“There’ll be 100 million people right here in this country who will be shocked and offended and appalled and the two of you will just have to ride that out, maybe every day for the rest of your lives. You could try to ignore those people, or you could feel sorry for them and for their prejudice and their bigotry and their blind hatred and stupid fears, but where necessary you’ll just have to cling tight to each other and say ‘screw all those people!'”
– Matt Drayton to his future son-in-law in Guess Who’s Coming to Dinner (1967)
As important as it was to remember the one-year anniversary of the Pulse Nightclub tragedy on Monday, another important anniversary that also occurred on Monday should not be forgotten: June 12 was also “Loving Day.” What’s that, you ask? Well, it has to do with probably one of the most important decisions ever made by the United States Supreme Court — the case of Loving v. Virginia, which was cited as precedence for a much more publicized case 48 years later.
The couple pictured at right (photo source here, for the record) are Mildred and Richard Loving. Richard was white. Mildred was African-American with Native American ancestry. Both were proud Virginians. And they would fall in love with each other. In the summer of 1958, after Mildred became pregnant, she and Richard traveled to Washington, D.C. to marry. Why marry in our nation’s capital, you ask? They could not legally marry in Virginia, a state that was one of a handful of states with anti-miscegenation laws on the books. Simply put, Virginia, for several decades, didn’t allow or recognize interracial marriages such as that of the Lovings, all for the sake of “preserving racial integrity.”
The Lovings’ legal plight began one month after they were married, when local police in their Virginia home town, working on an anonymous tip, raided their home in the middle of the night aiming to catch them in sexual intercourse (also illegal in Virginia at the time). The Lovings would be charged with miscegenation as well as illegally marrying in another state and moving back to Virginia (illegal since, well, they were an interracial couple). They would plead guilty 6 months later and would move to Washington, D.C. as part of an agreement to avoid jail time (they couldn’t come back to Virginia as a couple).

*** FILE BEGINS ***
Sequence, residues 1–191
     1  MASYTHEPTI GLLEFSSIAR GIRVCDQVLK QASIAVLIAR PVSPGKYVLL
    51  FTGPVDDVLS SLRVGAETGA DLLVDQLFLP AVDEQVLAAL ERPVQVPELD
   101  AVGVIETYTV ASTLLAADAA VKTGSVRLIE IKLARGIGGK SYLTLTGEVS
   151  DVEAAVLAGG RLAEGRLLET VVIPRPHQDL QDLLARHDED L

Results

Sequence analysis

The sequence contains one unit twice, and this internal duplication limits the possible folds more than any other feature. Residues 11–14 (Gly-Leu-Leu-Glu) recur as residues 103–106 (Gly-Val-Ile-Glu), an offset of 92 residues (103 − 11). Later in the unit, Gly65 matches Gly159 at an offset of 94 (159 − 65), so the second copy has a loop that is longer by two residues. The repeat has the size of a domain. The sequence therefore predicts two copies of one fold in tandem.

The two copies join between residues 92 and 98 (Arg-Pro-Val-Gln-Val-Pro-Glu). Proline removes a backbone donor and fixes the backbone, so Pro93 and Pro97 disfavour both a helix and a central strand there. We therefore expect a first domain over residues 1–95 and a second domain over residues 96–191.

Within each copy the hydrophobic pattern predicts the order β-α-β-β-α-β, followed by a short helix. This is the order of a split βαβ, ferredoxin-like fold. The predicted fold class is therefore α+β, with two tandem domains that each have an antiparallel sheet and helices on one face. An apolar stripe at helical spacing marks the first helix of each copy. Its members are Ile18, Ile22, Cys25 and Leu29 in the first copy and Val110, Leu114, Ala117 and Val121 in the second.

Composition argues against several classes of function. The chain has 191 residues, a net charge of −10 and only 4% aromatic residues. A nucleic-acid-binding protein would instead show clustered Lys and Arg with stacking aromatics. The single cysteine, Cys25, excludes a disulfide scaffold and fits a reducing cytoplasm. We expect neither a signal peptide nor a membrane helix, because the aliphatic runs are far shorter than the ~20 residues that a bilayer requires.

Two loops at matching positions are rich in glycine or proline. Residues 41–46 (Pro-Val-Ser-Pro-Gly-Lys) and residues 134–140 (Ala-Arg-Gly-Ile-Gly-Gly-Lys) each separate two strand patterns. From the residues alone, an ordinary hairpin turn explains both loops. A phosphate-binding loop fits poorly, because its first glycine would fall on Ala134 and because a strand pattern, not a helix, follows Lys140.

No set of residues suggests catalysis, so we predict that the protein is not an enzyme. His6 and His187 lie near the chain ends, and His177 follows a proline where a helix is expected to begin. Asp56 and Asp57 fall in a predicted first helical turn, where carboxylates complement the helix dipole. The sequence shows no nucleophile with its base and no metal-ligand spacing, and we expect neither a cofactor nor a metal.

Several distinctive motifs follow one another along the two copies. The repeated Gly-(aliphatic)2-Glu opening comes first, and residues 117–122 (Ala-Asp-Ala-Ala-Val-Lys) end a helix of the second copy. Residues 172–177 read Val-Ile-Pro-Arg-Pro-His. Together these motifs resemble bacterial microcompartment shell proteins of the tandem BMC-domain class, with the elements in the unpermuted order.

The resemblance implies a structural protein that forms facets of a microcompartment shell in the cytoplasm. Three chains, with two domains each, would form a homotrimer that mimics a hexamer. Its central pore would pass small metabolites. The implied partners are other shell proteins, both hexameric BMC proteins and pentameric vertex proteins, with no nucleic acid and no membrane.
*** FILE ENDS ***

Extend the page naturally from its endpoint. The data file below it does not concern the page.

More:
Tiring of difficulties of life in D.C. and longing to live as a couple in Virginia, the Lovings would, with the help of the American Civil Liberties Union, begin an appeal process. Two lower court decisions did not go their way, so the Lovings would appeal to the U.S. Supreme Court. Two months after oral arguments, the Supremes came back with their decision on June 12, 1967, nine years after the Lovings married. The unanimous ruling not only overturned the Lovings’ convictions but also declared anti-miscegenation laws such as Virginia’s violated both the Due Process and Equal Protection clauses of the U.S. Constitution’s 14th Amendment (something the Lovings had argued all along).
So, thanks to the Supremes, no state could forbid an interracial marriage. Sure, some states (all in the Southern U.S.; go figure) still had such laws on the books afterwards; it’s just that they couldn’t enforce them. Alabama had such a law still on the books until 2000, and it was only overturned then by a ballot initiative, with 60% of voters choosing to overturn the law (again, go figure).
That vote in Alabama was part of the gradual acceptance of interracial marriage in the United States. Emphasis on “gradual” in that sentence. Sure, the rate of interracial married couples have grown since 1980. But it wasn’t until the 1990s that public opinion surveys indicated a majority of Americans approved of interracial marriage. And yet today, despite approximately 1 in 6 newlyweds married to someone of a different race, there’s still that public opinion divide on the issue, with people over 65 and those with a high school education or lesser more likely to oppose the practice.
Safe to say, though, that despite some pushback, attitudes have indeed changed since Loving v. Virginia, and they have done so for the better. You can see that not only in stories such as this interracial couple that NPR profiled on Monday, but also in the historic fight for same-sex marriage in the United States. Make no mistake: Though it may have taken a while for some to recognize it, the road toward United States v. Windsor and Obergefell v. Hodges started with Loving v. Virginia. Mildred Loving, a year before she died in 2008, invoked the case of her and her late husband (Richard died in 1975) by endorsing the right for same-sex couples to wed. Her statement said in part:
My generation was bitterly divided over something that should have been so clear and right. The majority believed that what the judge said, that it was God’s plan to keep people apart, and that government should discriminate against people in love. But I have lived long enough now to see big changes. The older generation’s fears and prejudices have given way, and today’s young people realize that if someone loves someone they have a right to marry.
So, pay no mind to what the closed-minded naysayers from dying generations may think: You do have the freedom to fall in love with that special someone and marry them if you so desire. It doesn’t matter whether they’re white, black, Asian, Native American, or whatever their creed or culture — or gender — may be. Thanks to the likes of the Lovings, what matters is that two people love each other… that they’ll be ready to marry when the time comes… and when they’re ready to do so, they’ll spread those lessons of love and respect to their own children and the generations that will follow.